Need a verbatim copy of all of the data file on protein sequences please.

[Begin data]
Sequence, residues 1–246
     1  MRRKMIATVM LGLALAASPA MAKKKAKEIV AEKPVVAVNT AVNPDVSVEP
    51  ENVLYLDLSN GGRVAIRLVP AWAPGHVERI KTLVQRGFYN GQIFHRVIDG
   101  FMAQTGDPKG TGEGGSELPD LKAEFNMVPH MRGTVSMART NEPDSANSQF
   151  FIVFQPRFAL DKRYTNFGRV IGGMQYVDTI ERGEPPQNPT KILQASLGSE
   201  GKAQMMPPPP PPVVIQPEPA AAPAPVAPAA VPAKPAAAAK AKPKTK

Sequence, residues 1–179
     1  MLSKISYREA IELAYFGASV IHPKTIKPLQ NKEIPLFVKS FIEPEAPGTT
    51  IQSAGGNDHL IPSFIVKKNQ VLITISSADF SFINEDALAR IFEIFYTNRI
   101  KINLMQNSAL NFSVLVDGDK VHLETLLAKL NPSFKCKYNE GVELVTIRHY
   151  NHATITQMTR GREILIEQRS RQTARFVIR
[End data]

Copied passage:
Sequence, residues 1–246
     1  MRRKMIATVM LGLALAASPA MAKKKAKEIV AEKPVVAVNT AVNPDVSVEP
    51  ENVLYLDLSN GGRVAIRLVP AWAPGHVERI KTLVQRGFYN GQIFHRVIDG
   101  FMAQTGDPKG TGEGGSELPD LKAEFNMVPH MRGTVSMART NEPDSANSQF
   151  FIVFQPRFAL DKRYTNFGRV IGGMQYVDTI ERGEPPQNPT KILQASLGSE
   201  GKAQMMPPPP PPVVIQPEPA AAPAPVAPAA VPAKPAAAAK AKPKTK

Sequence, residues 1–179
     1  MLSKISYREA IELAYFGASV IHPKTIKPLQ NKEIPLFVKS FIEPEAPGTT
    51  IQSAGGNDHL IPSFIVKKNQ VLITISSADF SFINEDALAR IFEIFYTNRI
   101  KINLMQNSAL NFSVLVDGDK VHLETLLAKL NPSFKCKYNE GVELVTIRHY
   151  NHATITQMTR GREILIEQRS RQTARFVIR